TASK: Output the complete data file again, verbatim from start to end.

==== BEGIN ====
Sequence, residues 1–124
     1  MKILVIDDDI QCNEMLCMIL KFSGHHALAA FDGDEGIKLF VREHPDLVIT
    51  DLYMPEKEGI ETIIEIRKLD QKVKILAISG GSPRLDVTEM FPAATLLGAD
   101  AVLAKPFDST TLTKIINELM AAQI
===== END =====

Sequence, residues 1–124
     1  MKILVIDDDI QCNEMLCMIL KFSGHHALAA FDGDEGIKLF VREHPDLVIT
    51  DLYMPEKEGI ETIIEIRKLD QKVKILAISG GSPRLDVTEM FPAATLLGAD
   101  AVLAKPFDST TLTKIINELM AAQI